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Gary Jones on why young chefs today are better than ever

By Hannah Thompson , 17-Mar-2017
Last updated on 17-Mar-2017 at 10:43 GMT2017-03-17T10:43:28Z

Gary Jones on why young chefs today are better than ever

The executive head chef at Raymond Blanc’s Belmond Le Manoir Aux Quat’Saisons and newly-appointed chair of judges for this year’s National Chef of the Year and Young Chef of the Year (NCOTY & YNCOTY) competitions explains the value of culinary competitions and proper training

What does it mean to be the new chair of judges for NCOTY and YNCOTY?

I’m chuffed and honoured to be asked. Look at who’s come before: Phil Howard, Clare Smyth...phenomenal chefs. It will be really useful for me too.

What will you personally be looking for? 

We’re looking at seasonality, weights, measures, practicalities and utilisation of the ingredients. On the day of the final [at The Restaurant Show in October], I’ll personally be looking for three, bang-on, balanced dishes with great flavour. If the flavour isn’t right, it doesn’t matter how pretty you make it. And cooking under pressure is the important thing. These guys ‒ especially in the NCOTY contest ‒ are really well-practiced. Lots of them come back year after year, and they just get stronger.

What’s new for this year? 

This is the first year the ‘paper judging’ round will be online, so the results will be recorded more swiftly. We’re going to try to take the judging a bit more slowly, and make sure everyone has time to see and try the food before there are 15 other spoons in the plate.

What is the main thing that has changed in the competition over the years?

The media side of it is now covered really well, and that adds interest and exposure. Everyone is tuned into social media. If you look at old farts like me, we didn’t have smartphones while we were learning to cook. But for the next generation of brilliant young chefs it’s a tool. They’ve got a knife in one hand and a phone in the other.

Has that changed the overall approach to the competition? 

Cooking itself doesn’t change. It’s about balance, purity and respect for the ingredients. The chefs are given great ingredients to begin with, and if they match them respectfully, and cook and blend them well, then we should have some great dishes.

What can competitions teach an ambitious chef that stages and spending time working in kitchens can’t?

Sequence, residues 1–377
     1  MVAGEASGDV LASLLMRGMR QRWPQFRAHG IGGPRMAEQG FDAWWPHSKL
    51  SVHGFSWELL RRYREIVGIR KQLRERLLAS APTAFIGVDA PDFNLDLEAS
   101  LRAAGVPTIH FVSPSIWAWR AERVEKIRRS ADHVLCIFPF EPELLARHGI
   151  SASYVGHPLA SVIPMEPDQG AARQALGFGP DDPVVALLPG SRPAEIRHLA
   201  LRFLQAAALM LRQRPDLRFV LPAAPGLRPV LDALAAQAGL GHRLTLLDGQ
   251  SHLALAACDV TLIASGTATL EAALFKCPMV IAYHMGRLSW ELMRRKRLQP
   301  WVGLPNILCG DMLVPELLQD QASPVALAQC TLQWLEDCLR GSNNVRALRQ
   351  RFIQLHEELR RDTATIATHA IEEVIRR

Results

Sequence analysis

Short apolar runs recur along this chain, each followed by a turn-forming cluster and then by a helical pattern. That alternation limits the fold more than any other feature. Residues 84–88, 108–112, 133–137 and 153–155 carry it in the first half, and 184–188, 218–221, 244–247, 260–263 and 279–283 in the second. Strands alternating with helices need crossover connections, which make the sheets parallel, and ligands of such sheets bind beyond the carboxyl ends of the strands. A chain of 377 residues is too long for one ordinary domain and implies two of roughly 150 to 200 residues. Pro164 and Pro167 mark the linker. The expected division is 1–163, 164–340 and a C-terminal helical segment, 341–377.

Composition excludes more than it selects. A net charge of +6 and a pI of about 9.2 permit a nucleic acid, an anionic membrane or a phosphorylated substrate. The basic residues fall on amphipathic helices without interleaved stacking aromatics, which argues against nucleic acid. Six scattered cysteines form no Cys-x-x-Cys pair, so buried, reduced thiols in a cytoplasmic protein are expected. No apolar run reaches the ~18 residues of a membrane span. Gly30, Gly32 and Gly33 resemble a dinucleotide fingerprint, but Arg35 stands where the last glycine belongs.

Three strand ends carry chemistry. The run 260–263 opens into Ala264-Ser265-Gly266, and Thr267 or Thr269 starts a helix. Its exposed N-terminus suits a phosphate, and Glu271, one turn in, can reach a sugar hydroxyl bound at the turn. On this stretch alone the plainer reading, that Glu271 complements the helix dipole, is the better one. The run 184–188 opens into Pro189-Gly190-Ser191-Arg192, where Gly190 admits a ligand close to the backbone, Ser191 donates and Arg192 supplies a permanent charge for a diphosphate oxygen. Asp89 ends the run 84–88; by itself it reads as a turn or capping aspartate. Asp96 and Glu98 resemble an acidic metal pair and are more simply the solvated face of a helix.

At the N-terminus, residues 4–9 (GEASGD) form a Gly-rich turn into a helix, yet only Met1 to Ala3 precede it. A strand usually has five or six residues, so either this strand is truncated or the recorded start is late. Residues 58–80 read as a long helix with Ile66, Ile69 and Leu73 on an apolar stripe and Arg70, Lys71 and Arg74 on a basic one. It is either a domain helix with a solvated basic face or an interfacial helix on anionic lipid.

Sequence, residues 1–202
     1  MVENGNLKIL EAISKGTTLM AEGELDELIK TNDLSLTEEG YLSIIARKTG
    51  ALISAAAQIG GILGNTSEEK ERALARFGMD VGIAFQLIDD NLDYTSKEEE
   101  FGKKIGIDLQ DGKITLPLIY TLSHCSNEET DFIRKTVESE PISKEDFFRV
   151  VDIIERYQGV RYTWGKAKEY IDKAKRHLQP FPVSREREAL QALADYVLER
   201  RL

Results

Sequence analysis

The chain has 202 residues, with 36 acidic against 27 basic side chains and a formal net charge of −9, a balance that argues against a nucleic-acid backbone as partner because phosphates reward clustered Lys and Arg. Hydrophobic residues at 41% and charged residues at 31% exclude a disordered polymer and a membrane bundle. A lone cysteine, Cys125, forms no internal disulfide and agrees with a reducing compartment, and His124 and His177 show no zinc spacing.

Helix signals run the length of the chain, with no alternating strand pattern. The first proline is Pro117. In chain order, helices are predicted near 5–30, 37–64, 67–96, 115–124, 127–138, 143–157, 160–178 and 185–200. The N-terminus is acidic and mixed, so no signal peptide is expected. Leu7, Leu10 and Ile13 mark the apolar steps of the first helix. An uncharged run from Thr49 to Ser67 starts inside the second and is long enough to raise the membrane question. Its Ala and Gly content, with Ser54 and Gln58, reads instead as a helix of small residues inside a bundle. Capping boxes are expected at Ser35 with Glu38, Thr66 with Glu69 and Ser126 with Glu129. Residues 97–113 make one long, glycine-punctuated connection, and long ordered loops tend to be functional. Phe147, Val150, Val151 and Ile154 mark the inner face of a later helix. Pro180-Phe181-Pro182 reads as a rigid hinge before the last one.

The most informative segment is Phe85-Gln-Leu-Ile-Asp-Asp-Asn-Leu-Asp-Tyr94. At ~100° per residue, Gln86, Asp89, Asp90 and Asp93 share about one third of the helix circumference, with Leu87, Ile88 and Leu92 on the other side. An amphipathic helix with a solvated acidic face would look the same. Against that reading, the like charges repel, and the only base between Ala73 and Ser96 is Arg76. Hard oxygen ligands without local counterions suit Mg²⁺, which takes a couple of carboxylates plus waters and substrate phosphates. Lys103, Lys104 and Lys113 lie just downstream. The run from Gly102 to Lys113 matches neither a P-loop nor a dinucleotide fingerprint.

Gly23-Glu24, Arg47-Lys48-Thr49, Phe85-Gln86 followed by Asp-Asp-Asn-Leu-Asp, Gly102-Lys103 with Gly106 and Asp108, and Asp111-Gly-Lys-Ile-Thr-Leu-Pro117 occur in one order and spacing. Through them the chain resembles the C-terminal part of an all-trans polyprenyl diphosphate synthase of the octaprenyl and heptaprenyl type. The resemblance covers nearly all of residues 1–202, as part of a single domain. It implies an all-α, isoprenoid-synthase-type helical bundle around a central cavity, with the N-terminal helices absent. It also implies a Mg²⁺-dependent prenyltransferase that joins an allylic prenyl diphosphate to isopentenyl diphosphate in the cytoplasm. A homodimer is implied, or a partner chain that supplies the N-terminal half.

Competitions raise a chef’s self-discipline and consistency. And when you put youngsters into competitions like this, you see an amazing growth spurt in them. They end up as your sous chefs and head chefs. They’re also pitted against guys in other kitchens, and they work well, as if they’re helping each other to get their dishes better. So there’s camaraderie too.  

(Photo: Judges - here, Jones and pastry chef Sarah Hartnett - deliberating at the National Chef of The Year contest / National Chef of the Year)

How does that development fit in with your chef programme at Le Manoir?

We’re lucky enough to have trained four YNCOTY winners at Le Manoir, which is great. We’ve got a breeding ground for chefs at every level. Also, I’ve been trying to help get people into the industry from a really young age, when they’re in primary school and attracting people into catering college. It’s about consistently building those levels. We’re in good shape. 

What’s the secret to your and Le Manoir’s success? 

Working hard and enjoying it. And training. There’s always a new recruit. It’s hard and it’s a constant, but that’s what we do at Le Manoir. I think it’s 34 Michelin-starred chefs that have been trained there, and I’ve trained about 18 of those with Raymond Blanc. 

Nick Edgar [now Michelin-starred head chef at the three AA Rosette The Samling Hotel in Cumbria] came to visit us recently so we got him in the kitchen to train the brigade. He walked into my kitchen at 17 years old, worked up to head chef, left to go to Cumbria, and then eight months later he comes back as a Michelin-starred chef. That’s makes me really proud.

That’s what you want to inspire your current brigade with, and that’s what gets me up in the morning.

What was the best bit of advice you received when you were a young chef starting out?

Taste everything and work hard. When I first started, I did really long days. Now, we’re lucky we can reduce the number of hours our chefs work, and I want them to use their time off as well, doing a sport or a martial art or something else. We want them to keep themselves fit and sharp, and then they can come to the kitchen and put in the hours of graft and be efficient. Britain is in a good place with young chefs compared to 20 years ago. 

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